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Finding a home: harnessing biographical narrative in teaching and learning in cultural geography
  • William E Boyd, Southern Cross University
  • Denise Rall, Southern Cross University
  • Peter Ashley, University of Tasmania
  • Wendy Laird, Southern Cross University
  • David J Lloyd, Southern Cross University
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Peer Reviewed
This paper describes the use of reflective biographical narrative, in postgraduate research supervision, in helping students develop their sense of place – an intellectual place – within the scholarly landscape. The example provided centres on the work of students who have found an intellectual home in cultural geography. Using planned and semi-formal conversation, a device emerging from the authors’ supervisory practices, this activity draws on the emerging tradition of reflective biographical narrative, in which biographical reflection is not merely reflection on knowledge, but a practical methodological approach to working with knowledge. We conclude that our approach provided positive learning outcomes for the students, all of who were better able to frame their research, using reflective biographical narrative, within a conscious sense of scholarly place, and to adopt such reflection as a key analytical tool in their respective research projects.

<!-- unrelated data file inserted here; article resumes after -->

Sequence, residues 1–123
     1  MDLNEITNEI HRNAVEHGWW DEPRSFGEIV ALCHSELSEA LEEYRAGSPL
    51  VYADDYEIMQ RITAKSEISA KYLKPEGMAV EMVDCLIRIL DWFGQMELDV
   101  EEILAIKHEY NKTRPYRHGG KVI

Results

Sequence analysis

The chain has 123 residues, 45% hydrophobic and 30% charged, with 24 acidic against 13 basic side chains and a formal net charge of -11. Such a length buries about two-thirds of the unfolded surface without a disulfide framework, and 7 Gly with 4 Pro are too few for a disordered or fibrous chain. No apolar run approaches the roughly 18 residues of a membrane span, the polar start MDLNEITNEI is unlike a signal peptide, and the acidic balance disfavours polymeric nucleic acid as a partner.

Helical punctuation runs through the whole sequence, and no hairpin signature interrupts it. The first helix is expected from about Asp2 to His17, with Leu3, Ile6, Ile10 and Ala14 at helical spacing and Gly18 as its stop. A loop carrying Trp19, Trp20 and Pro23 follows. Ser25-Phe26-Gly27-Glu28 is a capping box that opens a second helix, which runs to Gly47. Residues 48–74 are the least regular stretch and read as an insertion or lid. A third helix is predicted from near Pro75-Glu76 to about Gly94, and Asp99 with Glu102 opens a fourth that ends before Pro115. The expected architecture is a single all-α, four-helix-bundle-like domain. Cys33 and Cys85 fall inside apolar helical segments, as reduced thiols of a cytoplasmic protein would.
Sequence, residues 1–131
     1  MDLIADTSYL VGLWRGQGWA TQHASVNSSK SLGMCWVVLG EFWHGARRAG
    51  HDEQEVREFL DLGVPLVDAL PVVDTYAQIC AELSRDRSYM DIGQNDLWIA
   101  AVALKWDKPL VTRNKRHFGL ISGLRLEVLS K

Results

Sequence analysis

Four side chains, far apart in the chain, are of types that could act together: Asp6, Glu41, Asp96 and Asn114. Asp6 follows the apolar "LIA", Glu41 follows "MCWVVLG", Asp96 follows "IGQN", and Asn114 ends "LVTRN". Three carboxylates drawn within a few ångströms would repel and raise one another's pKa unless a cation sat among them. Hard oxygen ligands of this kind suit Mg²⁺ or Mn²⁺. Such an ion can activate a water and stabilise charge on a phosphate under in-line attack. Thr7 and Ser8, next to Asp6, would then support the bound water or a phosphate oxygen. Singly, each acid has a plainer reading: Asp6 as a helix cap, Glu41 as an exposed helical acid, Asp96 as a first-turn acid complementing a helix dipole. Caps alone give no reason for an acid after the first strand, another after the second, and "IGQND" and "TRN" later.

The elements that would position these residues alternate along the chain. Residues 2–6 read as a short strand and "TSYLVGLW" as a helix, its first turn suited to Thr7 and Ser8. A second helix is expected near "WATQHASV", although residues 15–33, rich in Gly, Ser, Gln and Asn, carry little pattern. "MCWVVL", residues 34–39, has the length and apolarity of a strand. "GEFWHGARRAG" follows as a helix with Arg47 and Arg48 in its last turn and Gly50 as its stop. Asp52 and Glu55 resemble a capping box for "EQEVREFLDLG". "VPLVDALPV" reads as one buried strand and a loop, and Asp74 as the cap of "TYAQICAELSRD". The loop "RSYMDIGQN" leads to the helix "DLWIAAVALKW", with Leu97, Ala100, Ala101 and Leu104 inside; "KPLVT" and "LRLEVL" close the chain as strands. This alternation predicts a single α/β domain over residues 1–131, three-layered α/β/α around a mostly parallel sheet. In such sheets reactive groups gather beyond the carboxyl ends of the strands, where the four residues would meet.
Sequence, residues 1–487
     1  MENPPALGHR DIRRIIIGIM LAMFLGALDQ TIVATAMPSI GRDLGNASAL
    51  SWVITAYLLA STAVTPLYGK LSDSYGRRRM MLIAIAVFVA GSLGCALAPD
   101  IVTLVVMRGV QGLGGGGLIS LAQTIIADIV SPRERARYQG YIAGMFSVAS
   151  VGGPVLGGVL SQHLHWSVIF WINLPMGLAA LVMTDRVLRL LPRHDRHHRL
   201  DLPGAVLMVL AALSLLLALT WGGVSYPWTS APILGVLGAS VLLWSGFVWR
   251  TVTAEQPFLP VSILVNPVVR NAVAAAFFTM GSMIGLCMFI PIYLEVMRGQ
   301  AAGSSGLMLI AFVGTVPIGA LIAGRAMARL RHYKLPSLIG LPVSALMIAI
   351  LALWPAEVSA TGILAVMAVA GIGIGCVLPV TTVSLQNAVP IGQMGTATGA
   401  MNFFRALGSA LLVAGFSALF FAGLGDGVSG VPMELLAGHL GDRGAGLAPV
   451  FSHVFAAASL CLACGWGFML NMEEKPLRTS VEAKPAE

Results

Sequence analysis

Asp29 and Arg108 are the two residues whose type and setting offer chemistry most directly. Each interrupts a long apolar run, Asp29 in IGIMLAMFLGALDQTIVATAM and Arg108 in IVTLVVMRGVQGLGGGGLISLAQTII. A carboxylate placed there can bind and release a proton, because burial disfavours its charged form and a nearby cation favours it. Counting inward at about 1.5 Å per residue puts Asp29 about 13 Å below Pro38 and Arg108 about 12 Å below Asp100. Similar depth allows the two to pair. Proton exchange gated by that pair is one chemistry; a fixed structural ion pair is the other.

Citation Information

Boyd, WE, Rall, D, Ashley, P, Laird, W & Lloyd, DJ 2013, 'Finding a home: harnessing biographical narrative in teaching and learning in cultural geography', Coolabah, vol. 11, pp. 187-204.

Copyright©2013 WE Boyd, D Rall, P Ashle, W Laird & DJ Lloyd. This text may be archived and redistributed both in electronic form and in hard copy, provided that the author and journal are properly cited and no fee is charged.